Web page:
I have always maintained a basic philosophy in life that whenever I have an option of a motorcycle to travel for distance, I don't use a bicycle. Similarly, when I have a nice sports car that can cruise against the wind, I will not ride a bike then. Before I started to take a look at the 1,000mm RF Nikkor section, I did a quick search via the web and had found our friend, Stephen Gandy from Cameraquest has already did a very detailed site on this extremely rare Reflex-Nikkor lens in S-mount. Anyway, getting original images from contributor(s) for this lens is almost impossible due to its extraordinary rare status. Besides, there is no point to replicate similar resources on the Net as long I recognize the work is good out there.

The photo at bottom of the page is a directly linked image from Stephen site (not mine), CLICK ON IT and you will catapult you all the way from Malaysia to Stephen's site in US - it is simply via a short cable / socket connection behind you computer. How nice huh ? hehe ..

W-Nikkor-O 1:4 f=2.1cm | W-Nikkor.C 1:4 f=2.5cm | W-Nikkor.C 1:3.5 f= 2.8cm | W-Nikkor.C 3.5cm lens Group (3.5/2.5/1.8) | Stereo-Nikkor 1:3.5 f=3.5cm | 5cm (50mm) lens group | RF Micro-Nikkor 1:3.5 f=5cm | Nikkor-P.C 1:2 f=8.5cm lens group / Nikkor-S.C 1:1.5 f=8.5cm lens group | Nikkor-P.C 1:2.5 f=10.5cm lens group / Nikkor-T 1:4 f=10.5cm | Nikkor-Q.C 13.5cm lens group: 135/4, 135/3.5 Early / Last Version, 135/4 Bellow lens | Nikkor-H 1:2.5 f=18cm | Nikkor-Q 1:4 f=25cm | Nikkor-T 1:4.5 f=35cm | Nikkor-T.C 1:5 f=50cm | Reflex-Nikkor 100cm f/6.3

System Accessories for Nikon Rangefinder cameras
Optical Finders (4 parts):-
Fixed Focal length Finders (index page): 2.1cm, 2.5cm, 2.8cm, 3.5cm, 35cm Stereo, 5cm, 8.5cm, 10.5cm, 13.5cm | Variframe / Varifocal / Sport-frames | Nikon Reflex Housing

Nikon S36/S72/S250 Motor Drives / S36 Manual | light meters | Nikon RF Flash/Speedlights | Close-up photography / Repro Copy Outfit / Nikon Bellow Focusing Device (in progress) | Cases/Compartments | Lens & body caps, Lens Hoods/shades, Original Price Lists | packaging/boxes

Instruction Manuals

RELATIVE:- Nikon Rangefinder (RF) Models | Pictorial History of Nikon
A small visual library on Nikon Ultra-Micro-Nikkor lenses
Manual Focus Nikkor lenses | Autofocus Nikkor lenses

Related info:- Leica/
Leitz | Contax/Carl Zeiss | Seiki Kogaku (Canon)

| Message Board | lenses | Message Board | RF cameras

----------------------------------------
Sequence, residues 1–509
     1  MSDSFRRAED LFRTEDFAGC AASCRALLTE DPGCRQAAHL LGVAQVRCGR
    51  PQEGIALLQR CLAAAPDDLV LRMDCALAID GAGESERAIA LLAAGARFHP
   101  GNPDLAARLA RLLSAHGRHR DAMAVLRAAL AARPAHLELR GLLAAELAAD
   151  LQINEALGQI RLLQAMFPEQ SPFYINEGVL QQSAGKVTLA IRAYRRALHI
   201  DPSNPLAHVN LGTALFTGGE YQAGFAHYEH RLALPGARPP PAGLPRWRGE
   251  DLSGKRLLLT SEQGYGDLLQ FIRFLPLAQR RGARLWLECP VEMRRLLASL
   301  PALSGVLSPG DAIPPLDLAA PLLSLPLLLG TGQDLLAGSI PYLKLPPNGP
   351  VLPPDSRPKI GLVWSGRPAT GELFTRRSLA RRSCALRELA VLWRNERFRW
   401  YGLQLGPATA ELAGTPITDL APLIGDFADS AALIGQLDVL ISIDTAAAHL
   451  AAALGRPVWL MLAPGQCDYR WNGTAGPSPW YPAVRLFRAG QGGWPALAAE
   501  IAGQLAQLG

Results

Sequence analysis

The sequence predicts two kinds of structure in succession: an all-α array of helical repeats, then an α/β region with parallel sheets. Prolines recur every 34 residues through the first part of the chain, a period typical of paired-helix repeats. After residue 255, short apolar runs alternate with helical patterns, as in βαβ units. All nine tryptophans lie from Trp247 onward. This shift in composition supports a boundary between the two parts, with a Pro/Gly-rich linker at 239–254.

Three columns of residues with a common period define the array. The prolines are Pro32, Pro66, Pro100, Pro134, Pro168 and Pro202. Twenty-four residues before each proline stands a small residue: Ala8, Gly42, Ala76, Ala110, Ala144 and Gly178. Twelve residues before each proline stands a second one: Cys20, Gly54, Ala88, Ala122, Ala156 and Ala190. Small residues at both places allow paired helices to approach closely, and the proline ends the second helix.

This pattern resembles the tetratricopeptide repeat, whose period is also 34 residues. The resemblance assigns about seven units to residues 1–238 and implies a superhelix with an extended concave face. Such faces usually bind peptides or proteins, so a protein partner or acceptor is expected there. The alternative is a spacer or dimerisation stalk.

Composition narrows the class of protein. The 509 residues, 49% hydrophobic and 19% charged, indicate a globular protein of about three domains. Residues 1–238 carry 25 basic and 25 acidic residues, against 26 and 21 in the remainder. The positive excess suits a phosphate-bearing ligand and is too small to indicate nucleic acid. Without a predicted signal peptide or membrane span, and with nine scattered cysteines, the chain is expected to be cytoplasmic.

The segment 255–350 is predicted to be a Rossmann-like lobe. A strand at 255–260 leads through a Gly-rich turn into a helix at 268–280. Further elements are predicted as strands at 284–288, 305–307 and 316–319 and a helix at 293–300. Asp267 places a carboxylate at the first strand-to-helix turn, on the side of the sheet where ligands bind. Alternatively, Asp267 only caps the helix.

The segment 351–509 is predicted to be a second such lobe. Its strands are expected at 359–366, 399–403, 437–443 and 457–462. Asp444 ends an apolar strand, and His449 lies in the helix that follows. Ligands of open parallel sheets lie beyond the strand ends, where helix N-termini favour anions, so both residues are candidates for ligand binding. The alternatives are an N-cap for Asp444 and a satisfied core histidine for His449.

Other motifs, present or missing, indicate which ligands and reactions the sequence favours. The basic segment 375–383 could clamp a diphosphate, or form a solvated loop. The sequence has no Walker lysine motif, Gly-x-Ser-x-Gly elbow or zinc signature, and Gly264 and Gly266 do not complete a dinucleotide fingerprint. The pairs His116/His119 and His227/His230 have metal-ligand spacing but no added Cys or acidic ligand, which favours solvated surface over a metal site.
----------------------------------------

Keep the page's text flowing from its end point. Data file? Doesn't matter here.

MIR Logo.gif

Updated info on the Nikon Mirror lens for rangefinder system
first draft, last update: 14.05.2011

Nikon Reflex-Nikkor 1:6.3 f=100cm (1000mm f/6.3 mirror lens) for rangefinder system

Among all the active manufacturers, the inclusion of the Reflex-Nikkor 1:6.3 f=100cm lens probably is the longest lens you can find in any rangefinder photographic systems during that period. It was introduced in 1959 by Nikon for the NIKON F but also smartly incorporated a S-mount for the Nikon rangefinder cameras, this had made Nikon can rightfully claimed to be having the most extensive selection in terms of lens selection among all labels. In fact, the Company possibly was the first to introduce a Mirror-type lens. The applied catadioptric telescope idea, was first pioneered by Bernhard Schmidt, an optician at the Hamburg Observatory in Bergedorf, Germany back in 1930 but in many ways, adoption of mirror principle for 35mm lens design can be regarded as very creative, as other than an Old Delft Delca 6.3/50cm Mirror prototype lens of 1950 for CONTAX, so far I have never heard of Leitz and Zeiss produced any others. For the record, for a long time, Nikon's Reflex-Nikkor 1:6.3 f=100cm was also the world's fastest among all available commercial production mirror lens for 35mm photography, until the Carl Zeiss Oberkochen introduced their 5 elements 5 group MIROTAR 1000mm f/5.6 (PDF 56k).

Optical design of Nikon Reflex-Nikkor 1:6.3 f=100cm (1000mm f/6.3 mirror lens) for rangefinder system

Optical path of Nikon Reflex-Nikkor 1000mm f/6.3, applicable for both rangefinder and reflex versions. You can download the Zeiss version via PDF link provided above.

overall dimension of Nikon Reflex-Nikkor 1:6.3 f=100cm (1000mm f/6.3 mirror lens) for rangefinder system

The Reflex-Nikkor 1:6.3 f=100cm has a simple, straight forward 3 elements in 2 group optical design, with picture angle covers a very narrow 2° 30' diagonal, 2° horizontal and 1° 20' vertically. The minimum focusing distance is 100 feet (30m) to infinity (oo) and maximum reproduction ratio is approx. 37.47X. It is a huge optic and weighs massively at approx. 9.9kg (21.9Ibs for first version in black only), simple because the use of f/6.3 maximum aperture which demands a large dimension for light gathering. The dimension certainly restricts portability which resulted Nikon eventually redesigned and changed their reflex Mirror lenses during the '70 with a smaller aperture of f/8.0 for 500mm, f/11 for both the 1000mm and 2000mm in order to strike a good balance between portability, practicality as well as affordability.